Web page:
Finding tomorrow’s employees
One such program is Sign Manufacturing Day, a byproduct of ISA’s work with the National Association of Manufacturers (NAM), which had already established National Manufacturing Day in the U.S. The idea is to invite students to tour manufacturing facilities and get them interested in pursuing related careers.
“Lori Anderson and Allison Kent, ISA’s president/CEO and director of workforce development, respectively, brought NAM’s program over to the sign industry,” Mattatall says. “They helped sign companies see the benefit of it and they continue to offer a great deal of assistance to firms that wish to participate.”
For the first two years of ISA’s program, 2013 and 2014, Mattatall Signs was the only Canadian company to participate. Since then, however, others have joined in across the country, including Colortec Creative Print Solutions in Burnaby, B.C., Advantage Signs in Fort Saskatchewan, Alta., Sleek Advertising in Regina, Pride Signs in Cambridge, Ont., Twilight Signs and Neon in Caledon, Ont., Les Enseignes Amtech in Joliette, Que., Enseignes Plus in Châteauguay, Que., and Hansen Signs in Moncton, N.B.
“It’s a chance to show kids all of the cool tools we get to use,” says Mattatall. “Within the sign industry, everything’s custom-made, not mass-manufactured. We get to pull a lot of very different trades together. In this sense, making a sign is a bit like building a house.”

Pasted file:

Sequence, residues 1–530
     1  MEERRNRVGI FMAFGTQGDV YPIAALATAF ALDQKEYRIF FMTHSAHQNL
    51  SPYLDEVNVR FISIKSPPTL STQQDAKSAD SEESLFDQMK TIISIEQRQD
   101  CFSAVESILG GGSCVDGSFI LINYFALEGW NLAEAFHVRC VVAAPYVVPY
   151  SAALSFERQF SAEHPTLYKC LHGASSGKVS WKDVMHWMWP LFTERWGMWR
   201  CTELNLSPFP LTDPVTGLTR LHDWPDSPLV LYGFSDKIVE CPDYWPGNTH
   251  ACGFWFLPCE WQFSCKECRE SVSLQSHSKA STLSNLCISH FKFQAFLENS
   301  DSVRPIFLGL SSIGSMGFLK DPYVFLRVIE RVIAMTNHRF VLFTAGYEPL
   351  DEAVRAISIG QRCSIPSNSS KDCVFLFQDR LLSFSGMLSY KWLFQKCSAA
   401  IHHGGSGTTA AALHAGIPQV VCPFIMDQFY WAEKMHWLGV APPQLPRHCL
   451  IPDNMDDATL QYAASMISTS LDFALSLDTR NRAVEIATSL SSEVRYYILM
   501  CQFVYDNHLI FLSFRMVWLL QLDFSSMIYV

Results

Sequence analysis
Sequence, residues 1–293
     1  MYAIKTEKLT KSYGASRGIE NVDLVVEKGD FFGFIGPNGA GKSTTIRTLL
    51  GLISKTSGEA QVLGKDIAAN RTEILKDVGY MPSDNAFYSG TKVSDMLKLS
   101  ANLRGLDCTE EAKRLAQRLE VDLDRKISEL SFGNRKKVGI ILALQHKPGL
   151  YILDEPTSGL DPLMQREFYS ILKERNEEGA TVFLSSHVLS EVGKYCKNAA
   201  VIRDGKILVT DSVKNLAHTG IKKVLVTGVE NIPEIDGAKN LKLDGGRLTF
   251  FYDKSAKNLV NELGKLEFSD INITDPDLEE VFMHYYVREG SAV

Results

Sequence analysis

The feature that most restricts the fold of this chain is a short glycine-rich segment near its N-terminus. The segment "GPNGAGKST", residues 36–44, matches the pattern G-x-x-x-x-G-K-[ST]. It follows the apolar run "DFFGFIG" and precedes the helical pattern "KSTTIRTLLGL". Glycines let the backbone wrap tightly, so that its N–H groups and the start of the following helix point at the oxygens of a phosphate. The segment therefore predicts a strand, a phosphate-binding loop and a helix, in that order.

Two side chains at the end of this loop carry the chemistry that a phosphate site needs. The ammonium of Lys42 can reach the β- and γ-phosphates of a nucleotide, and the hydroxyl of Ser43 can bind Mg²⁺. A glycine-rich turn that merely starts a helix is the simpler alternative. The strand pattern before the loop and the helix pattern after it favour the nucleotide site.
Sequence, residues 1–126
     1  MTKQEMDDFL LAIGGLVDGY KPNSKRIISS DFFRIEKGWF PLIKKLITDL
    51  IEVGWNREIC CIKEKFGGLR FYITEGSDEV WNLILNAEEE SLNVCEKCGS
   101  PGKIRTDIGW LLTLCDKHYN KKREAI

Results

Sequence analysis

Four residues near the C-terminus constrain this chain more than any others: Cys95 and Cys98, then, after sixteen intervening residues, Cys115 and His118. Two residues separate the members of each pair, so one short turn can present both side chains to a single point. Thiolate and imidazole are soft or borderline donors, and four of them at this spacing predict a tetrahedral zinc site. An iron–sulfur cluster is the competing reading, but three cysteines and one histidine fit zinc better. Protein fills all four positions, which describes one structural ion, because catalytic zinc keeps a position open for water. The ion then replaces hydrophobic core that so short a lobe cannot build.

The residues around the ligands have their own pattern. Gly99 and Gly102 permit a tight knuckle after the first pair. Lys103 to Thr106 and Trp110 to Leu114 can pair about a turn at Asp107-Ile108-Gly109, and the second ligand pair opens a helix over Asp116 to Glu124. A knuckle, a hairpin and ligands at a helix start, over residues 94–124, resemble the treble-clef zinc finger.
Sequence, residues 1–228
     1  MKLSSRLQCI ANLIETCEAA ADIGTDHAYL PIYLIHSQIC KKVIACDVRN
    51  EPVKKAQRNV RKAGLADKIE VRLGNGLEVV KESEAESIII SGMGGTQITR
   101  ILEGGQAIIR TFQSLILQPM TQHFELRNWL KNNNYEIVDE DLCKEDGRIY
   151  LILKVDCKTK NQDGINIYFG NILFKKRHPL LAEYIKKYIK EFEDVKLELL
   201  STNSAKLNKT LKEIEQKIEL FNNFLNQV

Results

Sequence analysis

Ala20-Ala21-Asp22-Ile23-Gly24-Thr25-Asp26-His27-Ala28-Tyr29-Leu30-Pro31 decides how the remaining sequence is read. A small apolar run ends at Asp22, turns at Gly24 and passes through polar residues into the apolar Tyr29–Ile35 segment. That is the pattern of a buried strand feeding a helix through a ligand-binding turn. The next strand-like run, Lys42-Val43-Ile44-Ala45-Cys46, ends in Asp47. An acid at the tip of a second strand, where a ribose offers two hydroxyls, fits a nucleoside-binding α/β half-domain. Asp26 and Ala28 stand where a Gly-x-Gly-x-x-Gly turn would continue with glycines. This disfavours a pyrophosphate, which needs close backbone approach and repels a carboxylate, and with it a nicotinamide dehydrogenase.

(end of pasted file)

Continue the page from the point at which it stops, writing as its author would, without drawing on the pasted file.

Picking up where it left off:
He hopes the trend that has been started with Sign Manufacturing Day will continue to spread across the industry, as the fostering of tomorrow’s signmakers has become a major challenge.
“There has been phenomenal growth in education at the annual ISA Expo,” he says. “ISA also has skills assessment and validation badge programs that help give employers confidence in competently trained employees. People today are looking for these smaller snippets of training, not a four-year college degree in signmaking.”
Mattatall Signs, for its part, has long engaged with local high schools and community colleges, offering tours for students throughout the year, not just on Sign Manufacturing Day.
“New employees could come from anywhere,” says Mattatall. “Ensuring you’re well-staffed for the future requires multi-year investments in training and hiring. In this part of the country, for example, we lost a lot of young, talented and well-trained people to the oil industry boom in Alberta. Some of them are starting to return home now, as jobs are shifting back east.”
To avoid becoming too dependent on the ebbs and tides of the local labour pool, Mattatall Signs focuses on both external and internal training programs. In particular, cross-training—where production employees are taught how to perform more than one job function—has helped lead to better use of resources and boosted the employees’ enthusiasm and morale, which pays off in terms of retaining them for a longer tenure.
“Our average production or service employee has been in our employ for well over 10 years,” says Matatall.